To hear veterans of the Obama administration tell it now, life inside the White House during those halcyon days was like hanging out in the writers' room at The Simpsons or Late Night With David Letterman. The jokes flew thick and fast, the mood was light, and all anyone had to worry about was saving the global economy from collapse.
Pat Cunnane, a senior writer for the president, is the latest to weigh in with a memoir of those happier times. West Winging It (Gallery Books, 310 pp., ★★★ out of four) has the snappy, sunny vibe of a period that ended less than two years ago but seems like another century.
Cunnane's biggest crises revolve around having his driver's license rejected as proof of age before Secret Service agents while ordering a drink at the Moana Surfrider resort in Honolulu or watching the final day of the Tour de France.
Such is the Obamastalgia resonating from veterans of that White House and fellow Democrats in the time of Trump, when a story that would then have been a months-long scandal is now just another Tuesday.
As David Litt, his fellow speechwriter, did in his memoir, Thanks, Obama, Cunnane shows that life inside the White House — close to major decisions made that shape the world each day but not intimately involved in them — is often mundane and boring. It's like an episode of The Office, only with the Secret Service whispering into their cuffs instead of the occasional bumbling Dunder Mifflin security guard.
Young people, such as the fresh-out-of-school Cunnane, ascend to positions of relevant power and influence despite their age. They worry about what most young people worry about — relationships, money and a decent place to live. Only they do it near the president of the United States, aka POTUS.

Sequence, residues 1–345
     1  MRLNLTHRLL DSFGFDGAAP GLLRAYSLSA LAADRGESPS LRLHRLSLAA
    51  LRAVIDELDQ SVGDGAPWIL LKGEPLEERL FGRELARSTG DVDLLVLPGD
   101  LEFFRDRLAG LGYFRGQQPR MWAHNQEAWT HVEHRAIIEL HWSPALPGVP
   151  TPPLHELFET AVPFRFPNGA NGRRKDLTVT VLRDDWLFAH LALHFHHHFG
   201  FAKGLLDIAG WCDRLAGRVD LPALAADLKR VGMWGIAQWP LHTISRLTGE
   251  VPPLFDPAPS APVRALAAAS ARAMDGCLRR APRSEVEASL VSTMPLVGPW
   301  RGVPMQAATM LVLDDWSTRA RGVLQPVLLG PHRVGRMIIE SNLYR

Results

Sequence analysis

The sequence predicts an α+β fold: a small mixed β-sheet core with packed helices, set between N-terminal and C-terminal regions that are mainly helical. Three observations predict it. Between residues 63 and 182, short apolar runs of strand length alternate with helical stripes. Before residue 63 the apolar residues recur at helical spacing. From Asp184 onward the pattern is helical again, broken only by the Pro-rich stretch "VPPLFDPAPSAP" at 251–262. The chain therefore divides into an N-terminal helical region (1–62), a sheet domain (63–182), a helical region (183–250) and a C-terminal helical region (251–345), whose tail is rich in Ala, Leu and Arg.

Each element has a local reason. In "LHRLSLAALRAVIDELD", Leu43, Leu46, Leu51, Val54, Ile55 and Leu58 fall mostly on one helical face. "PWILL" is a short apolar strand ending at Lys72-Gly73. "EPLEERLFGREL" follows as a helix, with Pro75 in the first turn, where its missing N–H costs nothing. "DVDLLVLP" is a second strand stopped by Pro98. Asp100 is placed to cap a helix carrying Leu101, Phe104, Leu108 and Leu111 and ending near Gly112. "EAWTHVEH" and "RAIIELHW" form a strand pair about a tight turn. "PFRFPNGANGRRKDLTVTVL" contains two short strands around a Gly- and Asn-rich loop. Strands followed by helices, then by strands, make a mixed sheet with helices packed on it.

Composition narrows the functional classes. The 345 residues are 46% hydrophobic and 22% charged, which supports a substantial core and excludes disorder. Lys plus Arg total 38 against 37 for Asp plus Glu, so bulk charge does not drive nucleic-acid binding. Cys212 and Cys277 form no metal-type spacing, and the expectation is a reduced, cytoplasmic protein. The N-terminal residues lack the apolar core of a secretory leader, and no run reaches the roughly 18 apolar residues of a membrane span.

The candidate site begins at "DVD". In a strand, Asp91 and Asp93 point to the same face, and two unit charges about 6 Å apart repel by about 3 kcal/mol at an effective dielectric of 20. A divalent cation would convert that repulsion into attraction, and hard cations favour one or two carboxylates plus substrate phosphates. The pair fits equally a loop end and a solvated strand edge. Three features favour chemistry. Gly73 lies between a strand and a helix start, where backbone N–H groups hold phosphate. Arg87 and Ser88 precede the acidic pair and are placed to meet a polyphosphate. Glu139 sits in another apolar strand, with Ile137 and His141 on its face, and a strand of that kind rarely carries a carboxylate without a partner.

In Cunnane's case, he fretted before a state dinner with British Prime Minister David Cameron about when to propose to his longtime girlfriend. "Maybe it was the formal wear and the dancing, the toasts and the swanky tables," Cunnane writes of the moment. "It could have been David Cameron's charm or singer John Legend's very public displays of affection for his date, model Chrissy Teigen, just beyond the view of the press pool. Whatever it was, I was in the mood for a wedding of my own, and I decided to quit obfuscating in front of my friends."
He proposed to her shortly afterward at the White House. It beats the offices of Dunder Mifflin.
But, as Cunnane writes, all of that came crashing down with the election of Donald Trump. It was a harsh lesson for these young aides, who had mostly known only the elation of victory, what Democratic operatives from the 1970s and 1980s knew in their marrow.
Winning is difficult; losing is agony; you're only as smart as your last campaign win. Their president knew that. "History doesn't move in a straight line," Obama told his team shortly before he left office. "It zigs and zags."
Cunnane, now a writer on Designated Survivor starring Keifer Sutherland, shows how hard that lesson is to learn, but also how vital.
Ray Locker is the Washington enterprise editor of USA TODAY and author of Nixon's Gamble: How a President's Own Secret Government Destroyed His Administration and the upcoming Haig's Coup.